It may be summer, but we know that doesn’t mean you want to take an ice-bath or wash dishes in frozen water. Summer is just as important a time as any for hot water: it kills germs, disinfects, and gets you and your home as clean as possible.
So, if you are in hot water with your hot water, here are some helpful hints thanks to professional plumbers and the folks at Michigan State University.
When You Have No Hot Water
It might be too old.
Most hot water heaters last over a decade. If yours is older, that might be your problem. An old hot water heater is going to cause problems and may not be worth the financial investment of fixing it. Many experts suggest replacing them entirely every 7 years. If you feel like yours is still useful but leaking, it might be an easy fix, or you could have a defective model.
It might be your thermostat.
We know, it sounds obvious but you know the old saying about hoof beats? Think horses, not zebras. The thermostat is the biggest horse. If the number on your thermostat does not match the outcome you are feeling in your water, you’ll want to check your thermostat. Older models should not spin like loose wheels, they should settle on specific temperatures. If you live in an apartment, check with other tenants to see how they are fairing if you share a thermostat. If they are suffering too, and the thermostat is set to the wrong temperature be sure to test your thermostat throughout the year and replace it if necessary to avoid problems.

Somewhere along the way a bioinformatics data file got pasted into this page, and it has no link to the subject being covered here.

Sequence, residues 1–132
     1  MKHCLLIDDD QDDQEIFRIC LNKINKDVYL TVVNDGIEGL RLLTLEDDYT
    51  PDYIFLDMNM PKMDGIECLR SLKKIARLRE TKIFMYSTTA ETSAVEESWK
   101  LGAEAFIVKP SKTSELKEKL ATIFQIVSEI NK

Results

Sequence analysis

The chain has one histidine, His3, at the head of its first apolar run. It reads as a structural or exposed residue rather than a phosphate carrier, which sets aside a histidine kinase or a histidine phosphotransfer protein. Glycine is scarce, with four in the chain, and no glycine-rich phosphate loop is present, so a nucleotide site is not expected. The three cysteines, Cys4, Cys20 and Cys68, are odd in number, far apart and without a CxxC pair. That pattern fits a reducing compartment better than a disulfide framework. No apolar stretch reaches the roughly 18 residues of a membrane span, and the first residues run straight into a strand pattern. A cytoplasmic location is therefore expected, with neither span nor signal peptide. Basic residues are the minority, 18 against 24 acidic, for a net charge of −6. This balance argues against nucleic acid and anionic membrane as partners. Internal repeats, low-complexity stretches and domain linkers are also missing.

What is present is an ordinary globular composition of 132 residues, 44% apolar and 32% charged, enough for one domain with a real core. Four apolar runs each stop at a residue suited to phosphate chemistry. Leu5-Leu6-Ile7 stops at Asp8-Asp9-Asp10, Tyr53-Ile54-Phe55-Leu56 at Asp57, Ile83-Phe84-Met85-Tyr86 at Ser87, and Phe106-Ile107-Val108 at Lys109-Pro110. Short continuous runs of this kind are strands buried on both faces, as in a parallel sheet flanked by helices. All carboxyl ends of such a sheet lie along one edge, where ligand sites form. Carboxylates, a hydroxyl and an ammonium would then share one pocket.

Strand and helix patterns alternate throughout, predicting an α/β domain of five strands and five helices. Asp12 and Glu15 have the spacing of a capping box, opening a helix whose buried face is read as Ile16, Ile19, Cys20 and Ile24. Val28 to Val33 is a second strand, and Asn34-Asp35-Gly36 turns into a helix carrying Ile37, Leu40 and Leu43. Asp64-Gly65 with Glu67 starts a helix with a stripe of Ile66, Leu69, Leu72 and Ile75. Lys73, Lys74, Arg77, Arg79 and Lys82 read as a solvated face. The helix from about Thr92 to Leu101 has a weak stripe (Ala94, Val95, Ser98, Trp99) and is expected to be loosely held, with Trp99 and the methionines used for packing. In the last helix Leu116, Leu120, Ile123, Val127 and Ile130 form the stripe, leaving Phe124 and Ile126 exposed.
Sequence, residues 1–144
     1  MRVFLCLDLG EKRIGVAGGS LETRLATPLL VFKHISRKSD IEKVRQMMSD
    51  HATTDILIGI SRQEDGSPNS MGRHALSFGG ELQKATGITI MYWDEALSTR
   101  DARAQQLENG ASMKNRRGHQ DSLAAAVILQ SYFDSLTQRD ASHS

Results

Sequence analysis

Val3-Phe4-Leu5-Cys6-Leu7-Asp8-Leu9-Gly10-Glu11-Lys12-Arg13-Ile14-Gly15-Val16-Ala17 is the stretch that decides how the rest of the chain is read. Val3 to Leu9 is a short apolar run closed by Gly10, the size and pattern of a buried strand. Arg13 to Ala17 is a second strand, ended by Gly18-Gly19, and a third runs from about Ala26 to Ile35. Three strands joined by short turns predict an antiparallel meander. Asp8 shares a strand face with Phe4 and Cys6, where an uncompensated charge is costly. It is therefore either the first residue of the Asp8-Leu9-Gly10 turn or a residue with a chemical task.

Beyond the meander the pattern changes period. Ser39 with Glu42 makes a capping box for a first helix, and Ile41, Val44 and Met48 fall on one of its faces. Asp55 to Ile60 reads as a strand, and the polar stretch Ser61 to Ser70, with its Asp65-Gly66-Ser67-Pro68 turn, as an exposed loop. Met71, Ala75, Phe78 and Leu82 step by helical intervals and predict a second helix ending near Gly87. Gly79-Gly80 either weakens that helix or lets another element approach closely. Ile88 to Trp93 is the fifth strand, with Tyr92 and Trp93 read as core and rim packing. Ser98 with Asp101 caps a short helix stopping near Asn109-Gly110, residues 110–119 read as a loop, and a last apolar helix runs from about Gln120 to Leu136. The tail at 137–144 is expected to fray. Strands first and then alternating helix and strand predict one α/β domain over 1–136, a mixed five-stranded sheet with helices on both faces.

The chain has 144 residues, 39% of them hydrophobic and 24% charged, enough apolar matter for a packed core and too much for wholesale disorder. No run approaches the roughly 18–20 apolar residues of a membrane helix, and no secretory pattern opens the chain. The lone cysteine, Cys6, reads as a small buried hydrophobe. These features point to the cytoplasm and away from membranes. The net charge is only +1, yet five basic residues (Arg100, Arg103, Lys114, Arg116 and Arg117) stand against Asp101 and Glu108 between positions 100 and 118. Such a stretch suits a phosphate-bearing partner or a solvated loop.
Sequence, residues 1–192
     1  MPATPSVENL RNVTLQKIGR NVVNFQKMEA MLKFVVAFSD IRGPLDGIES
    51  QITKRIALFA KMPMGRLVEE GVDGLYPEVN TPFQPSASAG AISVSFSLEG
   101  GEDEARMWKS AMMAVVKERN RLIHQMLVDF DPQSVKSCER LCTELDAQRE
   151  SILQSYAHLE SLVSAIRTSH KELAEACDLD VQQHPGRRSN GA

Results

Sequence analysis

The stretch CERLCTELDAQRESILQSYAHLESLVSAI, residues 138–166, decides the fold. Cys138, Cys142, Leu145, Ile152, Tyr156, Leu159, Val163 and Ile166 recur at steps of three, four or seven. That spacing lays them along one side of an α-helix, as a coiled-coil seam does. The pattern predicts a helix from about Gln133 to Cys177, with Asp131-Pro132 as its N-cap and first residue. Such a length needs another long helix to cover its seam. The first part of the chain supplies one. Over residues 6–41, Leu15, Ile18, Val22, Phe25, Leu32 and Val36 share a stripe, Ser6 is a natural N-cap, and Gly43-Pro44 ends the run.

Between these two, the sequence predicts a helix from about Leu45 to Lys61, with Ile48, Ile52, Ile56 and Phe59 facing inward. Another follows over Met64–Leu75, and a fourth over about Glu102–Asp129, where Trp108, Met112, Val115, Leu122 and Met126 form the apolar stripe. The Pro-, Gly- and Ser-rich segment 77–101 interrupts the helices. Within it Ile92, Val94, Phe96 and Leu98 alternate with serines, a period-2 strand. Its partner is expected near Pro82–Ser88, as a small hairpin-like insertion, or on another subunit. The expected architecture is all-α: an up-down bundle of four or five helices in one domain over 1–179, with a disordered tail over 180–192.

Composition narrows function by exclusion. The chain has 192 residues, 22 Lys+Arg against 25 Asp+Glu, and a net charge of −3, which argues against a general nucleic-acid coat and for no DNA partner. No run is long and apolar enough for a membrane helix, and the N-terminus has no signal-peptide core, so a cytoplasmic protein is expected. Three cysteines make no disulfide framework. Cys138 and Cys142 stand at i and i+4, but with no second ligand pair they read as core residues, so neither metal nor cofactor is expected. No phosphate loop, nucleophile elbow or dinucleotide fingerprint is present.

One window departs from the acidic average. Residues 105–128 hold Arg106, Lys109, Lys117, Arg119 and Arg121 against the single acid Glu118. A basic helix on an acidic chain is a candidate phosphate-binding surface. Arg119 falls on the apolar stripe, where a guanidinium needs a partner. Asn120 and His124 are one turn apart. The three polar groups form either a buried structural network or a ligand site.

There may not be enough water.
Just like with video games, sometimes you need an old school do-over. Depending on the model of your thermostat and water heater, there is likely a “reset” button. You may need to push the reset button on the high temperature cutoff. After the water heater has been reset, hopefully the hot water will return.
You’ve got build-up
Sometimes nasty sediment can build up in your water tank and your heater’s effectiveness and longevity suffers. This can happen over years of wear and tear and unfortunately, by the time you’ve diagnosed the problem, it may be too late. Like your health, sediment build up is about prevention to avoid future damage. You can slow down hard water build up by lowering the water temperature to 130 degrees. If you are too late, you may need to have the water heater replaced.